Major pro-life legislation was approved by the Tennessee Legislature in Friday’s early morning hours just before legislators wrapped up their year.
Passage — and the end of the session — came as a surprise because Senate leaders had said they would not take the abortion measure up in this condensed year, according to a story by The Tennessee Journal: On the Hill. The publication also reported the Senate did this to persuade the House to back off of making changes to the budget proposal the Senate had approved.
The legislation includes a ban on abortions when a fetal heartbeat is detected, and will go to Gov. Bill Lee to sign, the Tennessee Senate Republican Caucus said in a statement.
The Senate approved the bill on a 23-5 vote. Senate Bill 2196, sponsored by Senate Majority Leader Jack Johnson (R-Franklin), Sen. Dolores Gresham (R-Somerville) and Sen. Jon Lundberg (R-Bristol), is part of Lee’s legislative priorities for the 2020 session.
“This legislation defends the right of our most vulnerable citizens, the unborn,” said Johnson.”
Gresham said, “This comprehensive, life-affirming legislation prohibits abortion once a heartbeat has been detected.
Last summer, the Senate Judiciary Committee studied ways to implement pro-life legislation that will meet court scrutiny.
Lundberg said, “What we have offered is the nation’s strongest opportunity to protect the life of the unborn.”
Shortly after the Tennessee State Senate passed the bill, the Tennessee House of Representatives passed the same bill by a 70-20 vote. Later on Friday, Gov. Bill Lee said he would sign the bill passed by both houses into law.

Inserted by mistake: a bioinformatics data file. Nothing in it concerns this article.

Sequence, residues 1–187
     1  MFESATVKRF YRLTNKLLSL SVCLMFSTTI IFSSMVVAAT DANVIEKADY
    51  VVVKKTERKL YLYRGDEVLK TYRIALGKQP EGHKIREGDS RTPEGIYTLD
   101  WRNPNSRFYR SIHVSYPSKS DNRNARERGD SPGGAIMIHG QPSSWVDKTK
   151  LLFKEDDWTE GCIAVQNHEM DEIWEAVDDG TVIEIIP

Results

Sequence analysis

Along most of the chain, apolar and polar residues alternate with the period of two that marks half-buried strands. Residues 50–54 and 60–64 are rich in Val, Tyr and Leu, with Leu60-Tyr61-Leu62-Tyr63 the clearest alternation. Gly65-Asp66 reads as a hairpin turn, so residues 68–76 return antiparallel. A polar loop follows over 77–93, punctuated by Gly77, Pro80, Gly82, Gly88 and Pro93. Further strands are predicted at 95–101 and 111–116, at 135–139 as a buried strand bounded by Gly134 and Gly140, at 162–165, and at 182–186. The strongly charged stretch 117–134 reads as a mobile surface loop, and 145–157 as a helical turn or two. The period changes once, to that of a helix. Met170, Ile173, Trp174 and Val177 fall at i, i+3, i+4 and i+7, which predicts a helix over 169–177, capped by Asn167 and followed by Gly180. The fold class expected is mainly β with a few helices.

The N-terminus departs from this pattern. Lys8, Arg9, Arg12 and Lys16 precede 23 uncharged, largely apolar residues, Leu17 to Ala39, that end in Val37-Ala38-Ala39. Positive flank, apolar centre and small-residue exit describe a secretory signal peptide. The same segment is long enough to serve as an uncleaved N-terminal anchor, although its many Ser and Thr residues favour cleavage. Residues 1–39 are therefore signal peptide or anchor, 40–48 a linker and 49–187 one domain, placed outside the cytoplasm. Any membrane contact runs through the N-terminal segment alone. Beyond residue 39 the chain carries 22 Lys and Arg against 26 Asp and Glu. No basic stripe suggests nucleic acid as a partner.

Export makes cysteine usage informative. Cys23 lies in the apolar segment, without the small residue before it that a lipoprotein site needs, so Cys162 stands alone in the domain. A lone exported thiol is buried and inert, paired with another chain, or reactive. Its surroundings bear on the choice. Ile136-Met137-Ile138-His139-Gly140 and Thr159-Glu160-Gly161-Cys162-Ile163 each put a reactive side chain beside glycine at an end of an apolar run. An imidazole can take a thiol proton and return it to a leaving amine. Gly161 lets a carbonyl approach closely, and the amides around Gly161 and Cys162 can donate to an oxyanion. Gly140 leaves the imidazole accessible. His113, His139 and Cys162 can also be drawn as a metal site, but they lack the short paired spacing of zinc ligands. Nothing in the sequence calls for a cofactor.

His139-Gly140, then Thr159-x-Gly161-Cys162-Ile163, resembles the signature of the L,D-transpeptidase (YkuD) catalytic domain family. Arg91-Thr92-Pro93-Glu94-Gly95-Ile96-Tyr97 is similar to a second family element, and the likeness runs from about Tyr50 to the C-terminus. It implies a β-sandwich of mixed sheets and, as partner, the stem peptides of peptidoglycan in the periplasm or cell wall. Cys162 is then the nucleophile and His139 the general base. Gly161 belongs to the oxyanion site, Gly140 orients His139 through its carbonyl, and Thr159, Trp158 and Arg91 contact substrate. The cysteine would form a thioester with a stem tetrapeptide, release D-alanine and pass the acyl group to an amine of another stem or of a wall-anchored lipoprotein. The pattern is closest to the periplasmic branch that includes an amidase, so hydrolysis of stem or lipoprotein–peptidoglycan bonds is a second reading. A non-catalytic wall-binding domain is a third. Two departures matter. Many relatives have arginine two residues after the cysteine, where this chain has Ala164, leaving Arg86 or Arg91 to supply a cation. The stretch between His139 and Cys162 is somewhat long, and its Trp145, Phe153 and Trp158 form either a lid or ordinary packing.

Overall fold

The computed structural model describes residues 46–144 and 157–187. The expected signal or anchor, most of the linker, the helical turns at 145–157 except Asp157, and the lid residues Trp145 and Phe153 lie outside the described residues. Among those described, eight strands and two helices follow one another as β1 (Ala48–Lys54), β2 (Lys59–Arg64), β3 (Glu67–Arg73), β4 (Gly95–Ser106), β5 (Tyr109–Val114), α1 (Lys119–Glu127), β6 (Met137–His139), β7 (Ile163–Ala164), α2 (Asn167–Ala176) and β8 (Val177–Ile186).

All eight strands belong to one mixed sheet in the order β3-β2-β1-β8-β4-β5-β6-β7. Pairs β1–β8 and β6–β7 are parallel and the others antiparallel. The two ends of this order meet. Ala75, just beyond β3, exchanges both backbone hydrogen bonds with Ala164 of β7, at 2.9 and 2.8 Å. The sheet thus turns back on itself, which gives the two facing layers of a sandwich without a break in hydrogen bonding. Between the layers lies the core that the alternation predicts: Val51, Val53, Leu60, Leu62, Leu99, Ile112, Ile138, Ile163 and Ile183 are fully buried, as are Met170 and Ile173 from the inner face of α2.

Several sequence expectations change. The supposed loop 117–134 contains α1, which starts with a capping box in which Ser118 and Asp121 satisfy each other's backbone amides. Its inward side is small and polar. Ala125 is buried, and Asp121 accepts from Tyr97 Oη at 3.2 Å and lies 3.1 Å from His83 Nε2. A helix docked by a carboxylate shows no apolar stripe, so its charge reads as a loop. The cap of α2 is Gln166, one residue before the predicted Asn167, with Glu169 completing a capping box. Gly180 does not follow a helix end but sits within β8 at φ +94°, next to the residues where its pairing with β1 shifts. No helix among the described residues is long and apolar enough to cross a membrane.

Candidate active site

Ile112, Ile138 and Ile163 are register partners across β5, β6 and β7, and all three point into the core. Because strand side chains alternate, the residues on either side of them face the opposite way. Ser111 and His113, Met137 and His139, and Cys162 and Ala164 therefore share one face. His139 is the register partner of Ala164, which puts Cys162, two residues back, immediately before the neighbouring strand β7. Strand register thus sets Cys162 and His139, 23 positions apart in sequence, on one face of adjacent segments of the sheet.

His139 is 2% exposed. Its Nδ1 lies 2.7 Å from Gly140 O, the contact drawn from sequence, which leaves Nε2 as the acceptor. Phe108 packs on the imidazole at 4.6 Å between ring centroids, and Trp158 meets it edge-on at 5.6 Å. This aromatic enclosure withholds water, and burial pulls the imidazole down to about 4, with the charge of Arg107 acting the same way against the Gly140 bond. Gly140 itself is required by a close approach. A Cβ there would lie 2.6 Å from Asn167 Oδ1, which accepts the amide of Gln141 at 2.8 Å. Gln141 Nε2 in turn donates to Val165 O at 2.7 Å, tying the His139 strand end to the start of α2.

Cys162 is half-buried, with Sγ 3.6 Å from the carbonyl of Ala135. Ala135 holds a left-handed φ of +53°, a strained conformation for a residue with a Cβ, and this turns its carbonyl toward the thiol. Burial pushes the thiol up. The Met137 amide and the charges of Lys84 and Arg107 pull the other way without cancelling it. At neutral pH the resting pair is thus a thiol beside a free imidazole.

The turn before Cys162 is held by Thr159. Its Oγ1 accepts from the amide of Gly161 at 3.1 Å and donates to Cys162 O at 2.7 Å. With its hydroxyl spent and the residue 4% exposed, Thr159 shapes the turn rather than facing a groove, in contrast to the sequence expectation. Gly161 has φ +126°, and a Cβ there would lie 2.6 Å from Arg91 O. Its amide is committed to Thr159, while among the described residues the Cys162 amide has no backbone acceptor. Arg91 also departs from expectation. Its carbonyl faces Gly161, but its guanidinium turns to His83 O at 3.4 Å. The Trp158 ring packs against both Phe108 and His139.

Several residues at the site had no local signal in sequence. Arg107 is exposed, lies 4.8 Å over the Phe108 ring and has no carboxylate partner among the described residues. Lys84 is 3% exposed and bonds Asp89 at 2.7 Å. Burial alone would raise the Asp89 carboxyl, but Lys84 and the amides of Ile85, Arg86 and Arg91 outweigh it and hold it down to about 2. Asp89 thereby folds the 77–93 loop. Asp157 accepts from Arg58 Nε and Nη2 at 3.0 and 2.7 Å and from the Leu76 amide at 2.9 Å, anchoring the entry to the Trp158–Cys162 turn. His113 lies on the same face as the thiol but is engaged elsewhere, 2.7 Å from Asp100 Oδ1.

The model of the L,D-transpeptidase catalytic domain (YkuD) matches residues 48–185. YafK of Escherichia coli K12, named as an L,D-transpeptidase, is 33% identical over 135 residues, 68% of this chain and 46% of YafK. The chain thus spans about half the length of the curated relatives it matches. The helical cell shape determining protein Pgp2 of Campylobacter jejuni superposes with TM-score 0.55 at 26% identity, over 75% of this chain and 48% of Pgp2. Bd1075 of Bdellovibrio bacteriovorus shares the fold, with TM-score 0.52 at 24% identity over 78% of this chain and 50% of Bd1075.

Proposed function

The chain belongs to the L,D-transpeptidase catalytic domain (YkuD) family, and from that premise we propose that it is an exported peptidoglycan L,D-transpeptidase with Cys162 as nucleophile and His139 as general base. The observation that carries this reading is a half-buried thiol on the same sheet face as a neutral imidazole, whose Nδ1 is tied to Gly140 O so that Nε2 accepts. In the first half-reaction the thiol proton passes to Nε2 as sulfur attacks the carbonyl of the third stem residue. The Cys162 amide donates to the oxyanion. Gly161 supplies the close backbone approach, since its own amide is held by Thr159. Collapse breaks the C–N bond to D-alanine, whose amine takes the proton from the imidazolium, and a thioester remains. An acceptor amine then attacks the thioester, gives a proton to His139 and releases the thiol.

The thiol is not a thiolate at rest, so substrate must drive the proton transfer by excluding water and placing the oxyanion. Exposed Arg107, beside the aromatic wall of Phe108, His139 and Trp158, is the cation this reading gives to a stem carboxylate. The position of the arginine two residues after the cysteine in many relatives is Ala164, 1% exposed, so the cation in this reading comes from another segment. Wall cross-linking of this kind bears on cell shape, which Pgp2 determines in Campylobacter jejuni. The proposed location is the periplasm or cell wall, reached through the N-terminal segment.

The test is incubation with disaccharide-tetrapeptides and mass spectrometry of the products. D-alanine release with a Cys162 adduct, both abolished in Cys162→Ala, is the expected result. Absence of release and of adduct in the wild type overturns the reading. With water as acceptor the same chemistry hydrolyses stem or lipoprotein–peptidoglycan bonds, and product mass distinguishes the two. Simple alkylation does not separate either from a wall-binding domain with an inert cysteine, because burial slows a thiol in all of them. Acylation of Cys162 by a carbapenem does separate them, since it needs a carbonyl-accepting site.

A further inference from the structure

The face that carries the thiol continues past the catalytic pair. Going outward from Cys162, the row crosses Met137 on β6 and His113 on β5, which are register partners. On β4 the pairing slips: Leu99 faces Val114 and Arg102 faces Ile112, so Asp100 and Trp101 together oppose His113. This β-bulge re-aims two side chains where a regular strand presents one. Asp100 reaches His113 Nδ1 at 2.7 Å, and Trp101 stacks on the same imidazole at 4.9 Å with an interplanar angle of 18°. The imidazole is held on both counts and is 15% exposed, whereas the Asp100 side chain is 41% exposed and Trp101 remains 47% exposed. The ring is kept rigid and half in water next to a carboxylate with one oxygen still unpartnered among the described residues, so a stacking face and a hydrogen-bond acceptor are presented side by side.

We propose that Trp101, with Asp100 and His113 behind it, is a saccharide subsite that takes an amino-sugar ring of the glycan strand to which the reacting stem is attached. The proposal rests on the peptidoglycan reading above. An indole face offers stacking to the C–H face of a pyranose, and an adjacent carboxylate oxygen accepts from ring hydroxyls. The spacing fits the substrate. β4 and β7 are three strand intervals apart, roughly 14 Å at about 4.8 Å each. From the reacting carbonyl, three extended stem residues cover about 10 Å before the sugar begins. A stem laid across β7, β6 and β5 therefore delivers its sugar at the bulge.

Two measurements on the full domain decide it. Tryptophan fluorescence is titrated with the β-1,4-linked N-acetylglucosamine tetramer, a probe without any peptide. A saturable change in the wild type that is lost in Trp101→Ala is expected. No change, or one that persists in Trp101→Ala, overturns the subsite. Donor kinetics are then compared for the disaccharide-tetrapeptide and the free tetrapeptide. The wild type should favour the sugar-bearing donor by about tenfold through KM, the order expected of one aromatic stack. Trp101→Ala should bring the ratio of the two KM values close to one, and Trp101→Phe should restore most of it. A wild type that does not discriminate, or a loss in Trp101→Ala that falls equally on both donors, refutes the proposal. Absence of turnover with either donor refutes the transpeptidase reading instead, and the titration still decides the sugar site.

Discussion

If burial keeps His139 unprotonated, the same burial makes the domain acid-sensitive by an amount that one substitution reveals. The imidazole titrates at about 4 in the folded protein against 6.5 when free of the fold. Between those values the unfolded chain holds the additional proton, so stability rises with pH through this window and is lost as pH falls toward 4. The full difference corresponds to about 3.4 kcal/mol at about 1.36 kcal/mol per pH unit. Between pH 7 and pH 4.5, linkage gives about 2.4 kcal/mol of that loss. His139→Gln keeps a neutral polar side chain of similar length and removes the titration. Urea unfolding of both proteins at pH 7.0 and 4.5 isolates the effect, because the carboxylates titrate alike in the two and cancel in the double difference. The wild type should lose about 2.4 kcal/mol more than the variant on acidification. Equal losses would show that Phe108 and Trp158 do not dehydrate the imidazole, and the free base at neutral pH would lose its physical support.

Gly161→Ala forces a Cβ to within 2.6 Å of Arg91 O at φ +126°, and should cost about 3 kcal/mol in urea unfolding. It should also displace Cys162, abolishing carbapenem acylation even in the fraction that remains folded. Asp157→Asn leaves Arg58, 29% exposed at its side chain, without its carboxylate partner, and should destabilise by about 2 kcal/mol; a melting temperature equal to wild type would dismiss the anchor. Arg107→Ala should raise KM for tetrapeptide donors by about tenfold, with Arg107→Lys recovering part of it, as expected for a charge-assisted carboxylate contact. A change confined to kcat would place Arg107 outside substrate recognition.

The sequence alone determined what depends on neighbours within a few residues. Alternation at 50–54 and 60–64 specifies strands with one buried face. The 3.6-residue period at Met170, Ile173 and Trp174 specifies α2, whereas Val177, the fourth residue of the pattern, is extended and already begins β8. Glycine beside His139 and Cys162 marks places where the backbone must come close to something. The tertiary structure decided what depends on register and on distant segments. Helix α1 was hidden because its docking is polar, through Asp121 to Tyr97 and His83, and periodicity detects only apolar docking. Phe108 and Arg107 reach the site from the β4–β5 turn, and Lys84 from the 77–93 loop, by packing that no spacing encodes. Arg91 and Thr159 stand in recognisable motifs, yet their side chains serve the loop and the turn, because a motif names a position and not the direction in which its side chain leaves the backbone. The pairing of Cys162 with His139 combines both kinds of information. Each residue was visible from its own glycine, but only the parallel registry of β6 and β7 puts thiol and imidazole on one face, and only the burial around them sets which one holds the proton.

The legislation includes a layered structure that prohibits abortion after the unborn child reaches certain gestational age milestones. A provision bans abortion at 11 gestational age milestones ranging from 6 weeks to 24 weeks, with severability clauses for each step of the ladder. It is modeled after a Missouri law to protect against legal challenges. A medical emergency exception is provided, under the bill, if certain requirements are met.
The bill calls for mothers to undergo an ultrasound prior to an abortion where the gestational age and the fetal heartbeat will be determined. The proposal also prohibits discriminatory abortion based on the unborn child’s race, sex, or Down syndrome diagnosis.
The legislation eliminates the requirement that the Department of Children’s Services provide court advocates and other information about judicial procedures to minors who are considering an abortion.
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Jason M. Reynolds has more than 20 years’ experience as a journalist at outlets of all sizes.